Already, Kajang Hill Golf & Country Club has been sold to Dijaya Corporation Bhd for redevelopment for RM228mil into mixed development with an estimated gross development value (GDV) of RM2bil.
Dijaya, which owns Tropicana Golf & Country Club in Petaling Jaya, plans to develop the more than 80ha site that now sits the golf course and the clubhouse facilities into a new project called Tropicana Kajang.
The deal was struck in September and club members were then informed that they had less than a year left to play on its Par 72 championship course layout measuring 7,148 yards.
Kajang Hill was owned by the Japanese company Taiyo Resort (KL) Bhd. It was not the most exciting golf course but it had unique Japanese features set in tropical settings.
There is now a rush by golfers to play there before the course is closed down for good.
Word is abound about all sorts of other courses been targeted by land hungry developers. Among them is said to be the Kelab Golf Negara Subang which sits right smack beside of the Federal Highway in Petaling Jaya.
The present committee decided to not renew a Caveat the club had placed on the land thus allowing the Federal Land Commissioner to act on the land title.
Speculation is rife that there are some people eyeing the land of one of KGNS two 18 holes. There is no concrete proof but a hurriedly called EGM by the members has appointed a panel to look into the matter.
KGNS is reported to be sitting on land worth some RM5bil – a sum that some people deemed too valuable for golf.
This is what worries the golfing community that both courses on the outskirts as well as those within the city limits are being eyed for re-development.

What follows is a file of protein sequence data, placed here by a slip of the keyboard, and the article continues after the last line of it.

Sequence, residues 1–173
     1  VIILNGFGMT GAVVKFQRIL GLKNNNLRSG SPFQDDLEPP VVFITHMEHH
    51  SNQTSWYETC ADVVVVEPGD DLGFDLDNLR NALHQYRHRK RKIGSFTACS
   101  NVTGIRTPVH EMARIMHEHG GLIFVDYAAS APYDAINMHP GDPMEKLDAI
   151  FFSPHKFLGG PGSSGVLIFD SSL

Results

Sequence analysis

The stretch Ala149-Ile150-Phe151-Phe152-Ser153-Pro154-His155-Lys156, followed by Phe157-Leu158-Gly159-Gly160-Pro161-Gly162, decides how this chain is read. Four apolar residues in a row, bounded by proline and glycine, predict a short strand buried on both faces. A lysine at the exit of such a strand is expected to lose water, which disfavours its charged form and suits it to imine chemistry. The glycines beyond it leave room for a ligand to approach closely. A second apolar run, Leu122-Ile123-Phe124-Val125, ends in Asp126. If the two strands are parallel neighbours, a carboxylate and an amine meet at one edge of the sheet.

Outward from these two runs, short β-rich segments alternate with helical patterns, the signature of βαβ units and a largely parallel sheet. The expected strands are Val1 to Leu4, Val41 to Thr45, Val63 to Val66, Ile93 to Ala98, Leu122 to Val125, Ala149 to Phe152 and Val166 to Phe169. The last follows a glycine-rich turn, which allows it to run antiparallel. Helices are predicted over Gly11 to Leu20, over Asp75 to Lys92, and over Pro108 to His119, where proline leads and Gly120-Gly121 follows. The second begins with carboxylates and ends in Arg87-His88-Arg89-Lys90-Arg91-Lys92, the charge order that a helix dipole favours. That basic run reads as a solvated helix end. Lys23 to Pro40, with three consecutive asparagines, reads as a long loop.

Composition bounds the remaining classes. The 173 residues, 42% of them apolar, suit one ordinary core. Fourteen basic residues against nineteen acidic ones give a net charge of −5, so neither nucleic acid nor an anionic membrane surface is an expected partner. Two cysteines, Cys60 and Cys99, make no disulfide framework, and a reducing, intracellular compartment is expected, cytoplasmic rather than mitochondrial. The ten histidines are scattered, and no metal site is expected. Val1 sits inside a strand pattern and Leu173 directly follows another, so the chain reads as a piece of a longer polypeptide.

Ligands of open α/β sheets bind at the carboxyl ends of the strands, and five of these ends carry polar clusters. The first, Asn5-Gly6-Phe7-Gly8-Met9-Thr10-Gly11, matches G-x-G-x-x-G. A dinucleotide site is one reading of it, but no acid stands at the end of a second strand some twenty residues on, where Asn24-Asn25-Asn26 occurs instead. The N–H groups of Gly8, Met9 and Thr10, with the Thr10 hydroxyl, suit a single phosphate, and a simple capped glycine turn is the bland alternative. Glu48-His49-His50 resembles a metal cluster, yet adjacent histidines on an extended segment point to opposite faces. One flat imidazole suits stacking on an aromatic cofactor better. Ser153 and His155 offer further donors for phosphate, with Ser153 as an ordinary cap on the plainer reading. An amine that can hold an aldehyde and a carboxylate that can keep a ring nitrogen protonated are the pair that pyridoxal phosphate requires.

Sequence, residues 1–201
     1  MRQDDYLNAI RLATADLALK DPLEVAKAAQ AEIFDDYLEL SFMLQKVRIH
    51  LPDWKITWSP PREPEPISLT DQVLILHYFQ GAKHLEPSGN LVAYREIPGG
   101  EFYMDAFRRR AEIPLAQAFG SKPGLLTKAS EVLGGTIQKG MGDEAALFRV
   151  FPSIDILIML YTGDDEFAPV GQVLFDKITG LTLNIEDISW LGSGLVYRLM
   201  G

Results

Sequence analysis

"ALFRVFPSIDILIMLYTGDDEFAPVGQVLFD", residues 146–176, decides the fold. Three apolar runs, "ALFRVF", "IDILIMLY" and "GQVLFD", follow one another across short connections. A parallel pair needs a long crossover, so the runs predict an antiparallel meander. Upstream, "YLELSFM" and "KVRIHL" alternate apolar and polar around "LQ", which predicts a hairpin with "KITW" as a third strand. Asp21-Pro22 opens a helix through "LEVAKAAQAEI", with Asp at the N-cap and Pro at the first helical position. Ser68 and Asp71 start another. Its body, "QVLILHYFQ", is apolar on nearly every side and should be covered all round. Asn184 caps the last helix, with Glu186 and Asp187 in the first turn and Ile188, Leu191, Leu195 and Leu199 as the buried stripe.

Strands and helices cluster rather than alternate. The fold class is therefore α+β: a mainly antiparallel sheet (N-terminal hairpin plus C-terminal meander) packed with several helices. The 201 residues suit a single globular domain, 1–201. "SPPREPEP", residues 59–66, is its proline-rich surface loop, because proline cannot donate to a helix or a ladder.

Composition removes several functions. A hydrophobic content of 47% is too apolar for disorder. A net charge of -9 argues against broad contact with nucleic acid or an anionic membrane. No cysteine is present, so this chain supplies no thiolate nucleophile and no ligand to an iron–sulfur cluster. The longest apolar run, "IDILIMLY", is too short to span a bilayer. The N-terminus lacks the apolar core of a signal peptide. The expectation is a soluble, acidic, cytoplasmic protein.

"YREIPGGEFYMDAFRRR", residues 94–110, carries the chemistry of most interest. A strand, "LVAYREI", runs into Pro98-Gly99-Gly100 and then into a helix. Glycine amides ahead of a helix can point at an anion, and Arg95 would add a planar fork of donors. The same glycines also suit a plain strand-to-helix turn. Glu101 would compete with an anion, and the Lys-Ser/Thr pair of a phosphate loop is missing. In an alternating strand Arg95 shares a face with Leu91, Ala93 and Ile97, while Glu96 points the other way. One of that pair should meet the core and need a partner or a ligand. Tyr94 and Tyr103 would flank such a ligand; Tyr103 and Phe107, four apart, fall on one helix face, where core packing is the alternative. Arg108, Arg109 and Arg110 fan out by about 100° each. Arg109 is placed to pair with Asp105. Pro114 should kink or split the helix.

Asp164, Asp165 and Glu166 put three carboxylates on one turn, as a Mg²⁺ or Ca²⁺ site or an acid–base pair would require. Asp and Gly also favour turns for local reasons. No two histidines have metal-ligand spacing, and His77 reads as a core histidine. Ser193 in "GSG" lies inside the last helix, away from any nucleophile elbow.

This is made worse by the fact, many of the commercial club owners are only just too keen to sell or redevelop the land. It would seem that only a recession or the burst of the property bubble would prevent this from happening.
Till next month, Merry Christmas and a Happy New Year.
Dijaya in RM228mil land deal for Kajang Hill Golf Club land
I was a member of the Kajang Hill Golf Club and I received notice to terminate the membership from November 2011. However, they are paying back the monies that we paid to join. So, I was expecting some news on this. This was confirmed in today’s papers. The owner, a Japanese Datuk is going to make a lot of money in this deal.
However, if you go to the vicinity of the area, the whole place is going to be developed very soon. The size of the whole area is huge with the other areas combined.
The prices of the properties here is also very high (by Kajang standards), mind you. So it’s left to be seen how the place will eventually turn out.
Until the next time, cheers.
The Star, Tuesday September 6, 2011
Dijaya in RM228mil land deal
Purchase of freehold land from Taiyo to cater for increasing demand for property in Kajang